Aridhi Anderson is a theatremaker, performer and reviewer based in Melbourne. Check out her work at aridhianderson.com.
Stand up comedy inspired by honest cultural experiences
Reeni Inosha is a Sri Lankan Buddhist, raised in Australia according to Sri Lankan cultural practices and customs, while also being exposed to how others around her live their lives. Her Comedy Festival show, Enlighten Me A Little, explores her journey of analyzing the many things she's been taught about her worth, including things she's internalized but has mixed feelings about, and identifying things within her cultural system as well as in her surroundings that might make her happy.
Inosha is a smart, funny, and energetic performer with some pretty unique stories to tell. She talks about a variety of things, predominantly the ups and downs of her love life, but also Buddhism, meditation, music, botox, arranged marriages and the Sri Lankan caste system. Some parts of the show feel quite informative and educational about a way of life that isn't necessarily mainstream in Australia, while other parts feel relatable regardless of where you're from or how you've been raised. Her stories resonate with the truth of deeply felt experiences, which can make parts of this show feel quite serious, but she also throws in a lot of funny observational humour and segments of sketch and physical comedy which keep her audience on board.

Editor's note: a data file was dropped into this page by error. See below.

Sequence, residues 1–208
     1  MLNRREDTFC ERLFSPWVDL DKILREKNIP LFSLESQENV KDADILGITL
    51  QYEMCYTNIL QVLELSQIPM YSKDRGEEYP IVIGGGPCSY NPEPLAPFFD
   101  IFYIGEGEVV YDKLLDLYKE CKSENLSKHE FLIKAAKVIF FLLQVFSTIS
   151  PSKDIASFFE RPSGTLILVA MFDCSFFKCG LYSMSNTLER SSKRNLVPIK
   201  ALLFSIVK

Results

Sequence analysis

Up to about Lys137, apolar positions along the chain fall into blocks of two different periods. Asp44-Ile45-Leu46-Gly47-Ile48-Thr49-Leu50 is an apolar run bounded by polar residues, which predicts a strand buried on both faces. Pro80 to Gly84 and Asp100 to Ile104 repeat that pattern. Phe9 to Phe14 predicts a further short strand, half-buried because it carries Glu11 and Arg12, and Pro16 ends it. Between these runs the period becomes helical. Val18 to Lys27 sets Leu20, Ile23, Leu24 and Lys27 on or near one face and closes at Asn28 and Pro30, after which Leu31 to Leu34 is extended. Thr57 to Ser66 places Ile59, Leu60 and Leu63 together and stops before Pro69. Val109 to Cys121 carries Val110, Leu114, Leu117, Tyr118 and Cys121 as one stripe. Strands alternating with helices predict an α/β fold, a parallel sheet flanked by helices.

Enlighten Me A Little is a show that is inspired by real life and cultural experiences, and has a consistently meaningful feel to it. Inosha does some clever parodies of meditation camps in Bali, hot (but douchey) guys on social media, and "white mums" helping their daughters through heartbreak (in contrast to "brown mums" in the same situation), which are cheeky and funny but also loaded with subtext, so the show is never silly or absurd. There are also a few instances of audience interaction, including a real estate inspection scene at the beginning, and a wedding scene enacted later on - quite funny, and a good way to keep the energy up in the room, but if you'd prefer a more passive experience you might want to sit closer to the walls than the aisles (simply avoiding the front rows won't keep you safe in this show!).
Inosha is a very likeable performer with a perspective you won't find in many other stand up shows at this year's Comedy Festival. So if you feel like watching something different, and learning about traditional ways that Sri Lankans find matches apart from Tinder, this might be a fun show to check out.